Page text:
Working in a Louisville hospital during World War II
Constance Cline Phillips of North Carolina dropped out of college and signed up for the Women’s Army Corps (WAC) in February 1945. After attending six weeks of basic training at Fort Des Moines in Iowa, she spent four months in X-ray technician school at Camp Atterbury in Indiana. Then, she was stationed at Nichols General Hospital in Louisville, Kentucky from August 1945 to March 1946 when it was closed.
Phillips (1924- ) gave an oral history interview along with her papers and documentation about this time period in her life to the Betty H. Carter Women Veterans Historical Project at The University of North Carolina at Greensboro (where she returned after the war to finish her education in what was then called the Woman’s College).
In her interview, Phillips talked about the Nichols General Hospital in Louisville where her work as an X-ray technician was part of medical experimentations using wounded veterans. She remembered Nichols General as a “nerve center” where soldiers whose injuries made them into paraplegics. Many of them, she said, had extremity nerve injuries – some had been wounded quite a long time before – and the surgeons were experimenting with ways to rejoin the nerves.
“…they used tantalum wire, is something I remember X-raying to see how close something was getting to something to rejoining. But I think that was where some of the first paraplegics were kept alive. I don’t believe they understood the technology to be able to do that. So that was very interesting. And of course, most of our patients were male. Very few females. Which, of course, at twenty I thought was cool.
Phillips remembered that the WACs had their own barracks at Nichols Hospital (“Well, see, we were peons and segregated”) – and the local nurses were in “another segregated area.” However, Phillips does not address this issue of segregation as one of race (though later in the interview she indicates that she was a white supremicist).
Oneida Miller Stuart who served as an US Army nurse there then remembers that there were about 30 African-American nurses and 100 White nurses attending approximately 500 veterans and prisoners of war (most from Germany and the Pacific front). She remembered the difficulties of working with Whites despite her professional status and experience: “We were called ‘nigger’ many a time… but you just kept on going.” (audio excerpt)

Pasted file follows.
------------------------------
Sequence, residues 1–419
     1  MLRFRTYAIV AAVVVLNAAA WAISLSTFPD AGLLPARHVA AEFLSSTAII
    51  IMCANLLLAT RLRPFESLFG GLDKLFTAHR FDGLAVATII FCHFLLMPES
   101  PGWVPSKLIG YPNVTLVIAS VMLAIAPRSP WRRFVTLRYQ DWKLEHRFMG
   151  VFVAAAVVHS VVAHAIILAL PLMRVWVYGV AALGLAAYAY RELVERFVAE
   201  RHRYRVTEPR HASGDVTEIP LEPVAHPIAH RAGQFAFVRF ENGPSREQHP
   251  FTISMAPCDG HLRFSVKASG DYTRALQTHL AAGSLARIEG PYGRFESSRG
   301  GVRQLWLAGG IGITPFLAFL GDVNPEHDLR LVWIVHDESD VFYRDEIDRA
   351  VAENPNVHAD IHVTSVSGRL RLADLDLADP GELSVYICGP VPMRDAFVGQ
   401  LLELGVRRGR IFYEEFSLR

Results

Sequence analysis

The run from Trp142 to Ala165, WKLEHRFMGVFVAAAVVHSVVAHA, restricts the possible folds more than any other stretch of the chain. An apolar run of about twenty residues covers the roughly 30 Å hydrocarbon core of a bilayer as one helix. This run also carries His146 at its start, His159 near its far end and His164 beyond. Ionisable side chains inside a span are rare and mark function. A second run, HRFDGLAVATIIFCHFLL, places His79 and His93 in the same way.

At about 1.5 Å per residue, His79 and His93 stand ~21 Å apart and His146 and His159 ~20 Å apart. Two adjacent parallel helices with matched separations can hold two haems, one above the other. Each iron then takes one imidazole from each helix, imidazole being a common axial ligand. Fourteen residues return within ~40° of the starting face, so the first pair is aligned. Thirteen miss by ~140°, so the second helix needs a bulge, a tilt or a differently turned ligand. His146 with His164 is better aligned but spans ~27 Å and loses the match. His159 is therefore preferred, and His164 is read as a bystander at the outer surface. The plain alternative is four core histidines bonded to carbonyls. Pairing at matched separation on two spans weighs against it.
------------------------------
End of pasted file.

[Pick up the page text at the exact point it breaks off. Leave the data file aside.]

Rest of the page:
Phillips met her husband Mike at the Hospital in Louisville – he had been serving as a truck driver in an Army unit recently returned from Germany. “They didn’t know what to do with all these people at the end of the war, because they were overstaffed. So they put him on as a ward boy.” He later became a professional football player, but her first memory of him was seeing him in the hospital: “So here came this great big fellow, moving a patient on a stretcher very gingerly. It didn’t bounce him off the walls.”
This memory is explains also why the young Oneida Miller, in her early 20s similar to Phillips, chose not to move her patients herself anymore. She described her pace of work as progressively becoming “too slow” since she was often accosted by the American GIs who did not want an African-American nurse. The racism still an important component of the American day-to-day interactions allowed for her to rely on this future football player to serve as a “ward boy.”
Oral history interview with Constance Cline Phillips, 1999. WV0082.5.01. The Betty H. Carter Women Veterans Historical Project, University of North Carolina-Greensboro Libraries. Full text transcript available online: http://library.uncg.edu/dp/wv/results5.aspx?i=2015&s=5.
Listen also to the oral history interview with Oneida Miller Stuart, an African American servicewoman in the Army Nurse Corps who worked at the Nichols General Hospital in 1945 – Oneida Stuart Collection (AFC/2001/001/4850), Veterans History Project, American Folklife Center, Library of Congress, http://lcweb2.loc.gov/diglib/vhp/story/loc.natlib.afc2001001.04850/